- Deciding what to believe
Most of us have different levels of justification for our beliefs. We can make better cases for some of them than we can for others. This is inevitable. We can't thoroughly investigate and evaluate everything we believe.
We also differ as individuals in what it makes sanse for us to investigate. We have different lives: different needs, interests, responsibilities, and passions. So we have greater and lesser need for accuracy in different areas. People with children need to investigate child-rearing theories more diligently than people without them. In general, the amount of time and effort we owe it to ourselves to invest in our beliefs, and the way we diversify that investment, depends on what we are like. In the end, what we owe to ourselves is to live well. That means investigating to the extent that best contributes to our well-being.
Since what we believe affects others, there is also the matter of what we owe them. Again, that raises a nest of difficult ethical questions - but this much seems clear: the more the lives and welfare of others depend on the accuracy of our beliefs, the higher our standards of evidence should be (always a matter to consider for Wikipedians).
Once we make peace with the fact that some of our beliefs are based on relatively little evidence, and that's okay, the thought that we are entitled to believe without evidence in certain cases may seem loss shocking. I think we do have such a right, subject to two strict requirements. First, the issues must be ones we can't decide on the basis of the evidence and arguments (even when evidence includes what the experts say). Second, our adopting the belief in question must present no significant risk or harm to others. Some might take these conclusions as an endorsement of intellectual laziness. But they're not. I'm just being honest about the fact that few of us have the time, energy, need, or capacity to carry out Socratic missions of investigation and maieutics. This is not to say we don't need more people like Socrates (or the child who declared the emperor naked). The world is rife with charlatans, cheats, flimflam artists, incompetents, scammers, unscrupulous careerists, and fools in high places (often with big egos). In addition, the intellectual world is not immune to politics of fashion. At times it stampedes and at times it circles the wagons. As a result, bad things happen. So we need our skeptics and iconoclasts, our unmaskers and our sticklers for the truth. We should build monuments to these whistle-blowers in the fields of knowledge and create an annual holiday in their honour. Above all, we should listen to what they say (without losing sight of how often our trusted sources also get things right).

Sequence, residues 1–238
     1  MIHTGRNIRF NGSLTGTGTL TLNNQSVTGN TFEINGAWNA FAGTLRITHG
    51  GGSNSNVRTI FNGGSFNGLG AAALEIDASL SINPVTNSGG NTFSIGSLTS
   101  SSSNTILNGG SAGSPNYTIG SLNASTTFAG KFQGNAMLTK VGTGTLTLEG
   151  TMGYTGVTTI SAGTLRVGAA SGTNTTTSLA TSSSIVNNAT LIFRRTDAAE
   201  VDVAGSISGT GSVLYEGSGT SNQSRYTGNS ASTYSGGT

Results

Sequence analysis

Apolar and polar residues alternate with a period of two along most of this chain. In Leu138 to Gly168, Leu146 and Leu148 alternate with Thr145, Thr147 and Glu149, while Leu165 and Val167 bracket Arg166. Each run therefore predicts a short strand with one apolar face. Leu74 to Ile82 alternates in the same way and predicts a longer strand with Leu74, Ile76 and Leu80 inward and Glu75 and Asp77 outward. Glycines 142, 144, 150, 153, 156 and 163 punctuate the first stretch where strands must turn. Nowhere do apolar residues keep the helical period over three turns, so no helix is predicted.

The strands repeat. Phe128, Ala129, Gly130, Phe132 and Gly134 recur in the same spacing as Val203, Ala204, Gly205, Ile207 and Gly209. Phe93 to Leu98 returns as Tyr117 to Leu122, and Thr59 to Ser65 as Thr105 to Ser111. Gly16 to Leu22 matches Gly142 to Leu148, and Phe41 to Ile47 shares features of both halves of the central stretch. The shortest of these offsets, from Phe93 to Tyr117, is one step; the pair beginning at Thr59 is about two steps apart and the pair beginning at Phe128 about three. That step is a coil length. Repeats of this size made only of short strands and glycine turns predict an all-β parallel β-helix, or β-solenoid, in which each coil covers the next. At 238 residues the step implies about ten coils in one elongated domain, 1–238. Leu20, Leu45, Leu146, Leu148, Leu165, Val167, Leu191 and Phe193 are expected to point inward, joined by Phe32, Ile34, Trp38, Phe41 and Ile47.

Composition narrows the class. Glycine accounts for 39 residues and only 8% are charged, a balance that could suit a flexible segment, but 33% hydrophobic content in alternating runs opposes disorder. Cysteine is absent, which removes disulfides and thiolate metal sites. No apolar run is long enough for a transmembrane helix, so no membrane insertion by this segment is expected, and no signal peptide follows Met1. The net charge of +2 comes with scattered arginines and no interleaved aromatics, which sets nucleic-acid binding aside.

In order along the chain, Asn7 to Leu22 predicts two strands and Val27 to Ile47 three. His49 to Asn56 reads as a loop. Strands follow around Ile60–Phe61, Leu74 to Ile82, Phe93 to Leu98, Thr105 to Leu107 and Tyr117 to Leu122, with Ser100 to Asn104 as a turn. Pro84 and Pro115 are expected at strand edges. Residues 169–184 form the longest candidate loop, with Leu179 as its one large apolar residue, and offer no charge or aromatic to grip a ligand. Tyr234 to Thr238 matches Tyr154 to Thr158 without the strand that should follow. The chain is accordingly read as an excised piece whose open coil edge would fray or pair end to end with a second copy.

But most of us are ill-equipped to walk in Socrates' sandals, and most of the rest don't want to. As we learned from Socrates, unmasking false experts can be hazardous to one's health, and we should avoid drinking hemlock. The unmasking usually involves speaking truth to (or about) power, and power didn't become power by turning the other cheek. What happened to Socrates is extreme by today's Western democratic standards (is it?), but, with the exception of stand-up comics, serious iconoclasts and unmaskers have harder life than the rest of us (unless they are extraordinarily gifted, like Richard Feynman). As the old saw says, you have to go along to get along, and they don't. Insider whistle-blowers, in particular, have a harder row to hoe than their more compliant and complacent peers. Exposing the weakness of a major research programme in one's field makes one unpopular with colleagues invested in that enterprise. And exposing fraud by a respected or well-liked colleague may even seem traitorous. The fact that our unmaskers and debunkers risk all that is precisely what makes them heroes.
- This is a short essay stating Monozigote's opinion on whistle-blowers. It's only available in English on his userpages in the template format.
- One could also say where the promise of benefits outweighs the expected burdens. The choice between these formulations raises some tricky questions about whether we should treat harms and benefits symmetrically in ethics: roughly speaking, should benefits count as much as harms when we construct our moral principles?
- Nobel Prize in Physics and a renowned nonconformist.